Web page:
The Fiction of a Beginning
Writing Tip 1
In this series of occasional posts for paying subscribers, I’ll be giving you a few tips for writers, gleaned from my experience as a magazine editor who has read a lot of submissions. These won’t be fully-fleshed out essays themselves, just brief notes and jottings. Obviously these are guidelines: occasionally, good writers may get away with breaking these rules.
Ninety per cent of the articles in my inbox would benefit if the first (and often second and third paragraphs) were deleted. A lot of writers try to gradually warm up to their subject, with many throat-clearings, perhaps hoping to establish rapport with readers before getting started. But this strategy is self-defeating and likely to annoy and frustrate the reader. One telltale sign that this might be happening: you find yourself writing “needless to say,” “as everyone knows” or “much ink has been spilled on the topic of x.”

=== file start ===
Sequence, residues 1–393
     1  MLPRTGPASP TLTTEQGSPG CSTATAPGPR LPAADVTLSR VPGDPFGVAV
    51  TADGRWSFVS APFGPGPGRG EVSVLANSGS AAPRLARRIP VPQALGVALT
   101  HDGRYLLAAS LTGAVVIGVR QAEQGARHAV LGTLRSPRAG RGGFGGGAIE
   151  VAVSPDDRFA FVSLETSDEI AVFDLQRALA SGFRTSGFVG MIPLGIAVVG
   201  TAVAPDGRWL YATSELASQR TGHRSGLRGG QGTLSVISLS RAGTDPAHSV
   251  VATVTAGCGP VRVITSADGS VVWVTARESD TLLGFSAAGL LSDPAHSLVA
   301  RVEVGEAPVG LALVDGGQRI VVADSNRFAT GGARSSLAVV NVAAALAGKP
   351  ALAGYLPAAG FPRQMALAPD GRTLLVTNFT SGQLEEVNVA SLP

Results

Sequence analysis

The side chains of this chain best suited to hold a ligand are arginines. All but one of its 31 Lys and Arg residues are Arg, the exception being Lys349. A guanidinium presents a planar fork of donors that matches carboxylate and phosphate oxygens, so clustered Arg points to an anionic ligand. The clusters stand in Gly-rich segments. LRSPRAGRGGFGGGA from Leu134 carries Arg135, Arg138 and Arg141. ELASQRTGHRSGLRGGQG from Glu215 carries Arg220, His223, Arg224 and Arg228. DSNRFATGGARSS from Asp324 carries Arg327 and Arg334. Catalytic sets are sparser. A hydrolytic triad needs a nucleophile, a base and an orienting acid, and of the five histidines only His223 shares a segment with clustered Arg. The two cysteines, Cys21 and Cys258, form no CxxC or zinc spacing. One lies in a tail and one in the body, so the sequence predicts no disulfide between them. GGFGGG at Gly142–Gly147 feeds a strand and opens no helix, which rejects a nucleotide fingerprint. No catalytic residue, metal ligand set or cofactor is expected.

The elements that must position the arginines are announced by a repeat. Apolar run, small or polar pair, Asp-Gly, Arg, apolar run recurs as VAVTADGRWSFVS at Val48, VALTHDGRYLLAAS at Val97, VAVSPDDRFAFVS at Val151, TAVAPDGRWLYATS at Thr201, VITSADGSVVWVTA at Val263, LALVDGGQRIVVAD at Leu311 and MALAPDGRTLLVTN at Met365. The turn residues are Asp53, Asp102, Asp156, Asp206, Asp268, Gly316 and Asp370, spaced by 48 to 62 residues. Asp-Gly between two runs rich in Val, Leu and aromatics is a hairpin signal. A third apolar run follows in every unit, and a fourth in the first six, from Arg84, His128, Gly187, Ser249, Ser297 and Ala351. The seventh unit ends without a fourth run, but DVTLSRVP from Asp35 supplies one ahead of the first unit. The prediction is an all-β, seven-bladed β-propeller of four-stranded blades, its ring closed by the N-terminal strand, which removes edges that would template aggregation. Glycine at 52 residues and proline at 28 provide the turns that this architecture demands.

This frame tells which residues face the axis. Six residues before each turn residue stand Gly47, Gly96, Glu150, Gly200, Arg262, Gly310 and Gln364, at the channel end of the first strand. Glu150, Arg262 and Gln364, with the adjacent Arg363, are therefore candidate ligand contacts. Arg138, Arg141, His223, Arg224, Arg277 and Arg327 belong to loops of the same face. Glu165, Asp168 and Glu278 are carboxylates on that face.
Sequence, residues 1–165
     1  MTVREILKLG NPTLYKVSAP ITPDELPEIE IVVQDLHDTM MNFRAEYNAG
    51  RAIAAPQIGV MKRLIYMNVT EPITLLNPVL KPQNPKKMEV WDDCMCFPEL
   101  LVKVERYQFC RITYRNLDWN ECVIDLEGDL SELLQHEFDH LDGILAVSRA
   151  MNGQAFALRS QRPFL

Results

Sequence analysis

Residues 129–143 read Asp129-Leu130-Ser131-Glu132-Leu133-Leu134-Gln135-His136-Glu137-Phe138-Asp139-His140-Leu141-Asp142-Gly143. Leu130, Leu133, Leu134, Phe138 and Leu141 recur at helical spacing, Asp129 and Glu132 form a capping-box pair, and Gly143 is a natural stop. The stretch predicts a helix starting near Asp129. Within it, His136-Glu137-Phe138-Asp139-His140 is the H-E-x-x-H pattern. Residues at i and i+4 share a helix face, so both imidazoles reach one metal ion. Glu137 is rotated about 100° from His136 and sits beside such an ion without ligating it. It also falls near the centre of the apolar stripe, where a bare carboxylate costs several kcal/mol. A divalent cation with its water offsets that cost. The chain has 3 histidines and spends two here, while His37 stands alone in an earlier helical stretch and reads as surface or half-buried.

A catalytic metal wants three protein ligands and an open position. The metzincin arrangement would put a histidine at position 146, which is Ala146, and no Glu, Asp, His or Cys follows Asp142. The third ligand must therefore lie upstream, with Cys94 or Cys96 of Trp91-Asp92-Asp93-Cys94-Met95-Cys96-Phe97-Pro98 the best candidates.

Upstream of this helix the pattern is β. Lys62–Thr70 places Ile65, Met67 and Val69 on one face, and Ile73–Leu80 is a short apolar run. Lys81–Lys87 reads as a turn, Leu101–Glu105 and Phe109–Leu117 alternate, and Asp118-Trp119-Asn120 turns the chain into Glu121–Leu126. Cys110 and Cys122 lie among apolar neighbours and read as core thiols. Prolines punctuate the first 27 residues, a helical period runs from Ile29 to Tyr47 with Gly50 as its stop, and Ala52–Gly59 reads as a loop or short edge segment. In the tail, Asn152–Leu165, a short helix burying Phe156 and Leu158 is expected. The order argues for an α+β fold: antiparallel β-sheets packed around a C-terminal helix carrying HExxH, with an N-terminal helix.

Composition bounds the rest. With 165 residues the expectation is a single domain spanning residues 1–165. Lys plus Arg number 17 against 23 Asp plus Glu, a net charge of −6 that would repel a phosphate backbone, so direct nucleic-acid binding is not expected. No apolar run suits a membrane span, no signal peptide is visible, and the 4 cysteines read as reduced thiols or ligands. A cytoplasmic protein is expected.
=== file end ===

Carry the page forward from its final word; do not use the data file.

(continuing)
So here are three ways not to begin a piece:
— Irrelevant details from your personal life, even if they include an explanation of why you became interested in your chosen topic. “I’ve always been a keen scuba diver and I first started reading about the problem of political polarisation in the US on breaks between dives on a rocking boat. It was a fabulous holiday and I saw many very interesting fish and even encountered an octopus for the first time—what a thrill! Now I’m back from a trip and I’ve got a slight sunburn so as I apply some calamine lotion to my thighs and pour myself a cup of coffee (I love my new coffee machine—it’s almost as effortless as making instant) I thought I would start writing an essay on this …” Too many articles begin this way.